On Socrates and His Legacy, Part I.

Recently, I finished two books on the iconic ancient Athenian philosopher Socrates, both of which pointed me to a third. The books were of a very different character and quality, yet together raised an important dichotomy about a man who lived 2400 years ago, whose intellectual legacy contributed to the shaping of Western civilization. The Stoics and Cynics looked back to Socrates as their forerunner; Socrates’ greatest student Plato became the most influential philosopher of the written word of all time, rivaled only by his own protege, Aristotle. So definitive was the influence of Socrates and his inexhaustible store of questions that all the Greek philosophers who came before him are reckoned “the pre-Socratics“. Yet he was put to death by the Democracy that had proudly boasted of being the “the school of Hellas“.

Who then, was the historical Socrates?

Socrates shares, to a lesser degree, the enigmatic quality of Buddha, Jesus and his own near contemporary, Confucius; we know more about Socrates than we do the others, but as with the others, it is all secondhand. Having written nothing himself, we must rely on the apologia of his disciples, the barbs of his critics, some statuary relics and the commentary of philosophers and historians from later in antiquity who had access to sources now lost to tell us of Socrates.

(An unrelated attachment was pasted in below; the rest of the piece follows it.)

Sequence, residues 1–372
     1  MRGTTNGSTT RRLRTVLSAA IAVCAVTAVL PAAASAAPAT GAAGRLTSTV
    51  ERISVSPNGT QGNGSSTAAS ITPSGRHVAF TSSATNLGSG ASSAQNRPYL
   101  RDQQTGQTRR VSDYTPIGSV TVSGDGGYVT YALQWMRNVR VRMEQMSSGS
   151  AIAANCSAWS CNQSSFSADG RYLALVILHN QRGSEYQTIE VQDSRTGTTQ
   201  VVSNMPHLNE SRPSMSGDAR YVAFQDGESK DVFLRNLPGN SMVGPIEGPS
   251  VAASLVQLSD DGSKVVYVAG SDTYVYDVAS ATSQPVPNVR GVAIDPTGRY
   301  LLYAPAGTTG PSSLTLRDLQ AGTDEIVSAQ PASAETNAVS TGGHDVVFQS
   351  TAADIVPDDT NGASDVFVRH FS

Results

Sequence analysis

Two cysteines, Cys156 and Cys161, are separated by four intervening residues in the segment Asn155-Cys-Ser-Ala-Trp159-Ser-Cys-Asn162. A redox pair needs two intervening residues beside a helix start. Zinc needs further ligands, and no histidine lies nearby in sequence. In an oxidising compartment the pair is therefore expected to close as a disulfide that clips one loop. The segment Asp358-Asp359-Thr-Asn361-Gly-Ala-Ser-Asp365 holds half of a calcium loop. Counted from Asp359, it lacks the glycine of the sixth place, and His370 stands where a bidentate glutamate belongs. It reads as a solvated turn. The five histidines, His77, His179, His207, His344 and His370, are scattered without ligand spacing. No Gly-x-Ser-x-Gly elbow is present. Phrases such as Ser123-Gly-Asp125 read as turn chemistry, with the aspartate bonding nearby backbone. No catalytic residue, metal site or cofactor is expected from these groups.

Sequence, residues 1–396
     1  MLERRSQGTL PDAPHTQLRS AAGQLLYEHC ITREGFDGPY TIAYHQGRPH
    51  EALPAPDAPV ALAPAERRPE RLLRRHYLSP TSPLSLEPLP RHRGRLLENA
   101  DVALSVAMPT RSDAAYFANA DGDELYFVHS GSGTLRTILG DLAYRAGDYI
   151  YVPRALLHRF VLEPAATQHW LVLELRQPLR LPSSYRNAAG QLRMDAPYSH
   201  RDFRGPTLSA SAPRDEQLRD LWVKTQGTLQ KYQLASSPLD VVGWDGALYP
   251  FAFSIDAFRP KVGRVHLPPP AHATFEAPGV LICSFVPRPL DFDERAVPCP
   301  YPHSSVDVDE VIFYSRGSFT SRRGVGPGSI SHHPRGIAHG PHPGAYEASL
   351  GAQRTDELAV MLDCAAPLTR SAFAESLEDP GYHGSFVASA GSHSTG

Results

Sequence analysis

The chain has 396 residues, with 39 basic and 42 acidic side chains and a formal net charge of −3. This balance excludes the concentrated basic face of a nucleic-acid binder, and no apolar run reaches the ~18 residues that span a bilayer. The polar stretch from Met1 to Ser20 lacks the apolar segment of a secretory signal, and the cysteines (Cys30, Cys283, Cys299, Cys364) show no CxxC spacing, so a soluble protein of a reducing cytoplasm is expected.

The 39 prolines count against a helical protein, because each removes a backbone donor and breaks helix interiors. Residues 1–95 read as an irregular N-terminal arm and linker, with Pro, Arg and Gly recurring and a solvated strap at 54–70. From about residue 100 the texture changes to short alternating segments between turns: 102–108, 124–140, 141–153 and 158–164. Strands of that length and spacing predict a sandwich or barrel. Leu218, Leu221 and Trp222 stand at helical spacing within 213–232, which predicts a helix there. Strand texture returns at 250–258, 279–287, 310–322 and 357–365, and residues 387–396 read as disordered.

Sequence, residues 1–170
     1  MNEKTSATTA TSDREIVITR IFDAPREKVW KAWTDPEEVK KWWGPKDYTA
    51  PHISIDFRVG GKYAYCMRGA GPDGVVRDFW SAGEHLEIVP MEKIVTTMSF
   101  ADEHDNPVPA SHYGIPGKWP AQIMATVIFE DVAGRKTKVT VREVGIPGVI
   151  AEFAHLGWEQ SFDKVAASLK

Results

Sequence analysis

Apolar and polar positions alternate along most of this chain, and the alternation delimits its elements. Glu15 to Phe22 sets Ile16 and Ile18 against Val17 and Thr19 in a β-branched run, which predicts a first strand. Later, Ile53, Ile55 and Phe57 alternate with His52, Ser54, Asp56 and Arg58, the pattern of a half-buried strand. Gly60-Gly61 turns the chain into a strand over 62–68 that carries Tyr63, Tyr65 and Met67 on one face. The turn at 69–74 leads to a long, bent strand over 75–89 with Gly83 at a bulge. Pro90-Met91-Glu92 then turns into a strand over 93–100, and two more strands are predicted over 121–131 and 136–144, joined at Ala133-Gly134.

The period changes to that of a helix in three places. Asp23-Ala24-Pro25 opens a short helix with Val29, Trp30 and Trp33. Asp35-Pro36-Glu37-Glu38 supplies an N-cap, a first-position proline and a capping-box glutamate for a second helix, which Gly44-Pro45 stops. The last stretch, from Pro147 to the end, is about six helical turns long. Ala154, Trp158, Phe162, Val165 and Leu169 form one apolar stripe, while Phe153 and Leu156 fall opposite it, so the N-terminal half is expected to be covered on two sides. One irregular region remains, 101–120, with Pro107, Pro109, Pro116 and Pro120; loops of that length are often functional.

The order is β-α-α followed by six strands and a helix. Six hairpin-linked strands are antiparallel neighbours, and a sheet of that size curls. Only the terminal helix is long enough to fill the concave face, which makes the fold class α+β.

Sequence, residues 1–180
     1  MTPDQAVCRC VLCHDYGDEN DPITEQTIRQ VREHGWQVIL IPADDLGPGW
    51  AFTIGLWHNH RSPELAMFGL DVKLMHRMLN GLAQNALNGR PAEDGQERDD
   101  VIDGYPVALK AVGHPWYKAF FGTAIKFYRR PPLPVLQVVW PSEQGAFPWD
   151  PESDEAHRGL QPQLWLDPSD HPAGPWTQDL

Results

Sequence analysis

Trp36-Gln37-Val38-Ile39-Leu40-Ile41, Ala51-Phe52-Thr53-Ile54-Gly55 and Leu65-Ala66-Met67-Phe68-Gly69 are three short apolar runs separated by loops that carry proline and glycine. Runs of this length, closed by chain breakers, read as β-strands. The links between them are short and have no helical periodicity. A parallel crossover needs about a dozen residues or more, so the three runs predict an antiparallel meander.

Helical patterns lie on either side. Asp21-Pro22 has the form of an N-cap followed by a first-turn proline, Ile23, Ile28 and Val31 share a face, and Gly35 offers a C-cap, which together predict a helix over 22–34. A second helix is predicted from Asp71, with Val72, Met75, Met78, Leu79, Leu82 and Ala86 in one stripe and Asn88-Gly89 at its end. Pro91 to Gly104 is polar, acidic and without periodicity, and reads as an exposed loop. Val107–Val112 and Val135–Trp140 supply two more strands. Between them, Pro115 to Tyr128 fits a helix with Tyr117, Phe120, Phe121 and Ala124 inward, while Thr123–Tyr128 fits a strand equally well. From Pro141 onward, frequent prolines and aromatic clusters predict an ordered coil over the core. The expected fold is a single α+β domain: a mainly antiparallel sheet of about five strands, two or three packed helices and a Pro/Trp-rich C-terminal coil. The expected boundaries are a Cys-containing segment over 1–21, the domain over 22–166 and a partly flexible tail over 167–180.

Here are the books:


The Trial of Socrates by I.F. Stone

Socrates: A Man for Our Times by Paul Johnson  

Both authors were splendid prose writers, otherwise they are a study in contrasts. The late I.F. Stone was a famous radical, an antifascist, an investigative, “muckraking” journalist of the mid twentieth century and, for a time,  a Soviet agent during the “Red decade” of the Thirties. Stone, who was noted for his diligence with using government documents as a reporter, unearthing scoops everyone else had missed, became, in his retirement, a scholar of antiquity who read deeply in the classics in the original ancient Greek.

Paul Johnson began his career as a prolific writer and popular historian on the British Left with The New Statesman and over time shifted rightward to become a leading Anglo-Catholic conservative public intellectual, an adviser to Margaret Thatcher and an author of 40 books. Johnson is most known for his best-sellers that tackled panoramic and encompassing subjects – The Birth of the Modern, Intellectuals and The History of the Jews, often written from a highly idiosyncratic, as well as a conservative, perspective.

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